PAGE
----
It sounds pretentious when I say it out loud, so I just say it in my head: "I can't do that, I need to keep my instrument sharp."
For example: I chose not to see The Exorcist and can't recall that I have watched any visual horror made since. (For reasons explained below.)
Because I'm committed to my point of view.
My point of view (approach to the world) jelled in junior high.
(I know people whose world-views jelled both earlier and later. Some people's approaches seem never to have never jelled and other folks may think the idea of jelling is wrongheaded or unnecessary. This parenthesis has been a teensy glimpse into my brain. Ow!)
In junior high, my parents and their pastor (mentor, guru) included me in their deep study of Jacques Ellul. I began to focus my attention where Ellul said the action was, on movements of societies below the froth of daily news but above the shifts between epochs of geologic time.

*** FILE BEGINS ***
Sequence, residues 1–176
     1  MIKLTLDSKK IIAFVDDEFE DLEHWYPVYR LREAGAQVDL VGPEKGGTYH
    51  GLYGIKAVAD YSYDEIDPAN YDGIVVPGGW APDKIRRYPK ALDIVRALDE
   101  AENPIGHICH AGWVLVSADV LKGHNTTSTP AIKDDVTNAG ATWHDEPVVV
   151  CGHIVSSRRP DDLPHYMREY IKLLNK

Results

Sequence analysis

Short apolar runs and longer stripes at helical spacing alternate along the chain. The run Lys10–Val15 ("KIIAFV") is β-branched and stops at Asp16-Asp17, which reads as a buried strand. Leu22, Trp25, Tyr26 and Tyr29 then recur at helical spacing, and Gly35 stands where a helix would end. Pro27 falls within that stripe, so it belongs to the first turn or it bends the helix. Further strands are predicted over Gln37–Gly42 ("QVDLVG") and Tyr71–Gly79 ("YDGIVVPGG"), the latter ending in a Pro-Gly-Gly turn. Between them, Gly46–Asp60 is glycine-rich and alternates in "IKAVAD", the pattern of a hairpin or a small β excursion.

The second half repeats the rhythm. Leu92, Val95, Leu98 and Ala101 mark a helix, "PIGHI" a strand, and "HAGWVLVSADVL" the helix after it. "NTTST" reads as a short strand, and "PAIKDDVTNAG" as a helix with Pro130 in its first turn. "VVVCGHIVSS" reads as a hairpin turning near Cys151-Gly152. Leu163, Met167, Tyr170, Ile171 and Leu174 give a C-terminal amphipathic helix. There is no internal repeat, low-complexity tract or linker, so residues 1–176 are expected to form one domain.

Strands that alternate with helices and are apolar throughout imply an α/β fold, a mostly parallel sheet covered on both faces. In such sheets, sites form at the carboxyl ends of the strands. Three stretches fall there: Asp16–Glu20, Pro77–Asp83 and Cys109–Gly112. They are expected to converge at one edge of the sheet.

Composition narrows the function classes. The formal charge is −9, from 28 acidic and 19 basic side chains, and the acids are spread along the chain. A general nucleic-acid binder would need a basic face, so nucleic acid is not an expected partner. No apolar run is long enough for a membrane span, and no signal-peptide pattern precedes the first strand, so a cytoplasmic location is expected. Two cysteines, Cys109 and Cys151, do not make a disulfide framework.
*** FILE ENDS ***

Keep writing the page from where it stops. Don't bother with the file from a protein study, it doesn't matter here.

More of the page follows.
(When describing this I formerly used the term "glacial movements" but the glaciers are melting rapidly so that descriptor's meaning has changed. And "evolutionary time" isn't accurate either because evolution also works more quickly than we had previously thought. My editing is stronger than my writing and therefore I charge more for it.)
My friend Kennedy (recent project) (video) recently said I offered "an almost 30,000 light year view of the topic at hand". Dude, that's Ellul, not me! And usually I try to be slightly closer to earth.
And I adoped Ellul's approach of living through and with dramatic contradictions.